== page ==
Shortages "killing patients" in Libya siege hospital
Oct 2, 2011, 5:34 a.m.
By Rania El Gamal and Tim Gaynor
SIRTE, Libya (Reuters) - People wounded in fighting in Libya's besieged city of Sirte are dying on the operating table because fuel for the hospital generator has run out, medical workers fleeing a worsening humanitarian crisis in the city said on Sunday.
The birth-place of deposed Libyan leader Muammar Gaddafi, Sirte is one of two towns still holding out against the country's new rulers and civilians are caught in the middle of fierce fighting now in its third week.
The interim government, or National Transitional Council (NTC), declared a two-day truce to allow civilians to escape, but people emerging from the city said they knew nothing of the ceasefire, and that the shooting had not stopped.
"Doctors start operating, then the power goes. They have a few liters of fuel for the generators, then the lights go out when they operate," said a man who gave his name as Al-Sadiq, who said he ran the dialysis unit at Sirte's main hospital.
"I saw a child of 14 die on the operating table because the power went out during the operation," he told Reuters on the western outskirts of the city.
Aid workers from the International Committee of the Red Cross (ICRC) who brought medical supplies into Sirte on Saturday could not reach the hospital because of shooting.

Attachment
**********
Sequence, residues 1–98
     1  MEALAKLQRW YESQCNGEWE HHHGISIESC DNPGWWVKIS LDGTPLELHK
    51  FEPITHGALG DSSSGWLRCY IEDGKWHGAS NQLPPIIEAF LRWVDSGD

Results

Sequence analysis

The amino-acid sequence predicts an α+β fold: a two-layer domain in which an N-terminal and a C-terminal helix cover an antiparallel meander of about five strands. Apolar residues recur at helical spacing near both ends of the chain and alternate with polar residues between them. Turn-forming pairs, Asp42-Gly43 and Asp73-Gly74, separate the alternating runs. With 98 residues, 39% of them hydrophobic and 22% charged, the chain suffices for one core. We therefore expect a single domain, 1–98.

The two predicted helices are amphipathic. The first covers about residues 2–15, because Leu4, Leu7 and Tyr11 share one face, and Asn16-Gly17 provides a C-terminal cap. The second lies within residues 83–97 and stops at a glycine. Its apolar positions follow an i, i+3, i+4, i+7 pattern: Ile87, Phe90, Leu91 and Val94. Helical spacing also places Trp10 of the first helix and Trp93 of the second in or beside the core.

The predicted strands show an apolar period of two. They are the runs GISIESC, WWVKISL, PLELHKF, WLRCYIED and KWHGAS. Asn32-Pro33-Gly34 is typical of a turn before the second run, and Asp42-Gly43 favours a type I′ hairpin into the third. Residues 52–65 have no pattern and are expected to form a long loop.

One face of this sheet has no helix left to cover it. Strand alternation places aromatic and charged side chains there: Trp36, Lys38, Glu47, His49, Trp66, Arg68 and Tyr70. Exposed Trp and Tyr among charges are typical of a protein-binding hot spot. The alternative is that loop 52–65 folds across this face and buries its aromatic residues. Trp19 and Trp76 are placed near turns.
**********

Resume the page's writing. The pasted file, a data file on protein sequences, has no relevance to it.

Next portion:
That hospital has now become the focus of concerns about the humanitarian crisis in the city, with residents describing how doctors are trying to treat civilians injured in the fighting without adequate supplies.
"It's a catastrophe. Patients are dying every day for need of oxygen," said Mohammed Shnaq, a biochemist at the hospital who fled early on Sunday during a lull in the shooting.
He said private pharmacies in Sirte handed over their supplies to the hospital after its own stocks ran out a week ago, but these were now running out too.
CIVILIANS AT RISK
Libyans ended Gaddafi's 42-year rule in August when rebel fighters stormed the capital. Gaddafi and several of his sons are still at large, and his supporters hold Sirte and a second town of Bani Walid, south of Tripoli.
Gaddafi's supporters are too weak to re-gain power, but their resistance is frustrating the new rulers' efforts to start building the post-Gaddafi Libya.
While it needs to stamp out the last resistance swiftly, the NTC does not want to use indiscriminate shelling. The resulting casualties would hurt its standing and make it even harder to govern Libya's fractious tribes and regions.
Gaddafi loyalists and some civilians have blamed NATO air strikes and shelling by anti-Gaddafi forces for killing civilians in Sirte.
Both NATO and the NTC deny that and say it is the Gaddafi loyalists who are endangering civilians by using them as human shields.
Khalid Ahmed, who fled the city early on Sunday, said the residential area where he lives in the center of Sirte came under heavy artillery fire on Saturday, despite the declaration of a truce.
"The reason there is shooting in the city center is that Gaddafi militia has positioned artillery in the buildings where civilians live. The children are terrified and they are screaming all the time."